Nokia N9 owners are approaching a thousand signatures on a petition asking Nokia to uphold their commitments related to the Nokia N9.
The Finnish phone manufacturer originally promised to maintain, develop, and support the N9’s MeeGo-compatible operating system through 2015. However, the device has not received a software update in nearly a year, and there are glaring software bugs and issues that the company refuses to comment on. The last update was offered in July, 2012, and boasted over 1,000 improvements and fixes.
After committing contractually to launch one MeeGo-compatible device, the carrier signed a deal with Microsoft, widely valued at one billion dollars, to move smartphone development exclusively to the Windows Phone platform. Nokia promised, at the time, to continue supporting N9 owners during this transition, and after sales had halted.
For awhile, Nokia did just that. Nokia ported and released Nokia Maps, complete with new features such as public transit guides and City View. And, the manufacturer released updates that included upstream improvements from the MeeGo standard platform. However, since Nokia’s commitment to a 2015 timeline, changes have taken place. First, Nokia lost its MeeGo development team, which left to form Jolla and continue MeeGo development under the Sailfish banner.
Nokia’s 2015 timeline probably was rooted in keeping a minimalistic internal MeeGo team, as well as backporting future MeeGo developments from the mainline MeeGo branch. That fell apart when Intel disbanded MeeGo (effectively), to form Tizen. Intel and the Linux Foundation have only issued one bugfix release to MeeGo since moving to Tizen, likely to satisfy contracts with netbook manufacturers, which actually did release some MeeGo netbooks in emerging markets.
With no internal development team for the Nokia N9, and no upstream improvements coming to MeeGo, Nokia is understandably challenged to keep its commitment. To do so, would mean hiring an entirely new staff of Linux engineers, and paving a new path for a stillborn platform. Even if they did that, improvements would not be dramatic. Bugs would get fixed, possibly new WebKit performance enhancements included, but nothing dramatic.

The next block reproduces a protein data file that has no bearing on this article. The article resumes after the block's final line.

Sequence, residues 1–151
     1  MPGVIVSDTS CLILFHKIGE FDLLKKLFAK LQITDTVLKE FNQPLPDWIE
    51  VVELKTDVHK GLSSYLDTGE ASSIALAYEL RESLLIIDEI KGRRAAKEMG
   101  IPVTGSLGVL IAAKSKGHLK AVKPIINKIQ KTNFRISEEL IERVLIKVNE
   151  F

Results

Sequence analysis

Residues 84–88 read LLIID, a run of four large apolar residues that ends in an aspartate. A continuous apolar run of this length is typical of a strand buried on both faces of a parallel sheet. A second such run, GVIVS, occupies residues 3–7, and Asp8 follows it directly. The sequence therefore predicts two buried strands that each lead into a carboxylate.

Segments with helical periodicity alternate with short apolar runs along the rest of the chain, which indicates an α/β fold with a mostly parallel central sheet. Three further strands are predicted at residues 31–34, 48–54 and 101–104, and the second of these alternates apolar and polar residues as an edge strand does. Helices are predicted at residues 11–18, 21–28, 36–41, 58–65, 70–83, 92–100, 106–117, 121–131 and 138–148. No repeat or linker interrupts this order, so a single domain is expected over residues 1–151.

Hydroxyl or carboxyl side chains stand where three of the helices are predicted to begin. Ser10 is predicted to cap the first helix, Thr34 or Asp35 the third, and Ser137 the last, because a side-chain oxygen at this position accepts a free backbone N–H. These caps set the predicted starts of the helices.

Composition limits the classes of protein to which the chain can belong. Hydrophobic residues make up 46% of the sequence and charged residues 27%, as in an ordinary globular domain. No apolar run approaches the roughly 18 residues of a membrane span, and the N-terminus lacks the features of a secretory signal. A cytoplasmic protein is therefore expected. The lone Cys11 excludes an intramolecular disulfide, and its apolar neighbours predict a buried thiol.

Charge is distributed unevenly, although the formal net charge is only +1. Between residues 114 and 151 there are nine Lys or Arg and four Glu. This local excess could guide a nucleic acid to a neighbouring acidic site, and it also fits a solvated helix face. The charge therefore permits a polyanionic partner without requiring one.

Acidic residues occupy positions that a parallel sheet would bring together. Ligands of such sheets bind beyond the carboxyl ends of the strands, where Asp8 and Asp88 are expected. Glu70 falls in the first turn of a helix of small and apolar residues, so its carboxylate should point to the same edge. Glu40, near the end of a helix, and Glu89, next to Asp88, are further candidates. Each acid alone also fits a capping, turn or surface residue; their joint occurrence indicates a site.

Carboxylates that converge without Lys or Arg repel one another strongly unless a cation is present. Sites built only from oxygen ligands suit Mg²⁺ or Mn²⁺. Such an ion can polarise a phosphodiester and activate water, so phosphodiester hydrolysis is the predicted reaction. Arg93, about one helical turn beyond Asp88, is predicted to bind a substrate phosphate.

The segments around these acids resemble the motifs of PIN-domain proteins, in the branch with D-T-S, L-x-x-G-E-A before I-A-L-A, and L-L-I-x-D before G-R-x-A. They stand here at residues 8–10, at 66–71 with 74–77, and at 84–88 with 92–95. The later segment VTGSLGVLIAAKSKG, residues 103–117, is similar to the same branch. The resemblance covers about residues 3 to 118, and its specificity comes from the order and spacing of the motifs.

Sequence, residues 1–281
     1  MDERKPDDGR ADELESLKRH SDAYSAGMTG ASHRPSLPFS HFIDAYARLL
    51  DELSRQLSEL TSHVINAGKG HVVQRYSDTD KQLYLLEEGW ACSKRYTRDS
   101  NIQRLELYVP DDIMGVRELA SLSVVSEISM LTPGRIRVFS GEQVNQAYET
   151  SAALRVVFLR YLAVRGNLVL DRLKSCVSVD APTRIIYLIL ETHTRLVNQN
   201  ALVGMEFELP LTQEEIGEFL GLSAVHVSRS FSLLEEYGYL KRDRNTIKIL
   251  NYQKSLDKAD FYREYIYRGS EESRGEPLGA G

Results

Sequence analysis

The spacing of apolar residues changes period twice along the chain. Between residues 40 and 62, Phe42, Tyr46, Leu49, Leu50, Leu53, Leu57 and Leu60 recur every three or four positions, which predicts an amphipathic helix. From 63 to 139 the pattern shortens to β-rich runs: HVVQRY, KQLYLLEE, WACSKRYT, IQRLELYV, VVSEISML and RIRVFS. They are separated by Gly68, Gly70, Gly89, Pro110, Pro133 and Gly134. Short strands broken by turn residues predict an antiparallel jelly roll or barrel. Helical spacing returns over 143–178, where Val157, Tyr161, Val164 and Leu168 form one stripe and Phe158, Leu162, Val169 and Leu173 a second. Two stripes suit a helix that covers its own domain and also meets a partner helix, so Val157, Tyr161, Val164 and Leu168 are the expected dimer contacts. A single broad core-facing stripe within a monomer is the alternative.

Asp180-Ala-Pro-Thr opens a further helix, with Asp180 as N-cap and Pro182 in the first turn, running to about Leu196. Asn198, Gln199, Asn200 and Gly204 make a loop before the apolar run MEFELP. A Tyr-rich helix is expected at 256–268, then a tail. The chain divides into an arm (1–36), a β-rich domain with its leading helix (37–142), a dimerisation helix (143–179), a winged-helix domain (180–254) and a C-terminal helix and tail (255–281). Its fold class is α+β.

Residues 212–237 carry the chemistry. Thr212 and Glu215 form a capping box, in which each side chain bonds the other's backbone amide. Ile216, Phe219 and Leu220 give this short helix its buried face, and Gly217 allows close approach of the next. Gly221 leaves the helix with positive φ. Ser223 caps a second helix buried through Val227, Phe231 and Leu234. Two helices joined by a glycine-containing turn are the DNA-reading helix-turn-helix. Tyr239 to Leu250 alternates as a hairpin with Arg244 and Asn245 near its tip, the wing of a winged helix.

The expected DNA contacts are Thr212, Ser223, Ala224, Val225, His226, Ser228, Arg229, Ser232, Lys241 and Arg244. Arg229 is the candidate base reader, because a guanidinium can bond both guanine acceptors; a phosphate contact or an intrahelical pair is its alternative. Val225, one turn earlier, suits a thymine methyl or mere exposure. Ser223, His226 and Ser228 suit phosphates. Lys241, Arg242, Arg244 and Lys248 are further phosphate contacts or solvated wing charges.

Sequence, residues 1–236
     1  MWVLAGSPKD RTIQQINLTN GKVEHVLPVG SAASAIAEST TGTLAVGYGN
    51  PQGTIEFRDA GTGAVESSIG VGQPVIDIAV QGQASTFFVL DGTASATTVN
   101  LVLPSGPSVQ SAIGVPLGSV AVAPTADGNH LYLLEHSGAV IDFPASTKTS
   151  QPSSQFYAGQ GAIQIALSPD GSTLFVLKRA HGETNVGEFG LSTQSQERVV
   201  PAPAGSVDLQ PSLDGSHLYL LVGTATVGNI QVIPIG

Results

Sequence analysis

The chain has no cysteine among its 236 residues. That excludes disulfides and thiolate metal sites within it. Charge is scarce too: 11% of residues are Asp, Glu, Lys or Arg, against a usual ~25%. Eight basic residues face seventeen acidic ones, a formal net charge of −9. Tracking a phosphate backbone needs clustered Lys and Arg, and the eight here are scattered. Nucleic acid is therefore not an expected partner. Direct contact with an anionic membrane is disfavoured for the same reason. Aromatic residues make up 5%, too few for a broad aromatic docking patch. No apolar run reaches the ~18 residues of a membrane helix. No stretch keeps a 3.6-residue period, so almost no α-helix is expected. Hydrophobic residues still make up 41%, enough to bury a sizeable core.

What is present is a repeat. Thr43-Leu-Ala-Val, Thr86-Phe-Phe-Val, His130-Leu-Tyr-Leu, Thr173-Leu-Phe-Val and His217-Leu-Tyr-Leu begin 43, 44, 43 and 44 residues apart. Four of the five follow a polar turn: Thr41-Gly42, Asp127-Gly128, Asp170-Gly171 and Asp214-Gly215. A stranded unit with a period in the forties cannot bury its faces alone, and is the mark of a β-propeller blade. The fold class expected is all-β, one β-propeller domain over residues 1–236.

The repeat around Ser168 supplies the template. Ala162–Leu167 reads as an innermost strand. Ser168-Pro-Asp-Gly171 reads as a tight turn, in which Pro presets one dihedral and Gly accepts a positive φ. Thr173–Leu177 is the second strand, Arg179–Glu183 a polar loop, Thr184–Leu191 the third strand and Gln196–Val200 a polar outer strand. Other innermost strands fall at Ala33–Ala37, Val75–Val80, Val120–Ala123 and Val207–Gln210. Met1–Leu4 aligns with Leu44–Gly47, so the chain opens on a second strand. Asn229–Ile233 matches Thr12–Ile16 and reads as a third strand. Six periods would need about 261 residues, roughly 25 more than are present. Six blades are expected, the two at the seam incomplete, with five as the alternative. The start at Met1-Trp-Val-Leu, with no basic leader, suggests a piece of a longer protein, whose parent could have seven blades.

There are alternatives that may make N9 owners happy, but would probably anger investors. One option would be to pay Intel to do a Tizen port for the Nokia N9. Intel has the engineers, and the resources to offer a Tizen build.
In a similar vein, Nokia could contract with Jolla to align its Sailfish platform with the N9. Jolla has demonstrated its MeeGo-derived Sailfish on the N9, and clearly has used it as a reference device for development. Nokia and Jolla have a patent sharing arrangement, and there clearly are some communication lines open between the two companies. Many have rumored that a re-acquisition of Jolla by Nokia is the company’s fallback position, should Windows Phone stumble further.
Another option, would be a goodwill buyout for N9 owners. Nokia could offer N9 owners a trade-in program for a Lumia 920, and throw in a wireless charger in exchange for being boxed into Windows Phone’s walled garden.
It wouldn’t be unprecedented. Apple spent many millions of dollars buying back every PowerBook 5300 that they could. Under Steve Jobs’ personal direction, the company offered Wallstreet-era PowerBook G3 models nearly at-cost for handing over PowerBook 5300 units. The trade-in offer was so lucrative, it actually increased the aftermarket value of the PowerBook 5300, by hundreds of dollars.
The fact remains, many, including us here at PhoneNews.com, haven’t forgiven Nokia for what they did to MeeGo. It’s the main reason we haven’t reviewed a single Nokia device since. MeeGo was the shining city on the hill for open source software. It was a native, real time operating system, rooted in Linux, and open; it had no gatekeepers, and it had the walled garden on the run. Microsoft knew this, and bought off accordingly.
It may be wise for Nokia to consider buying back each and every N9 out there. It’s the cheapest way to appease customers who have a darn good reason to feel angry at Steven Elop’s gamble.
The author of this article invested, and lost, tens of thousands of dollars in the construction of a MeeGo connected TV device. He’s currently working, for some reason, on a new one.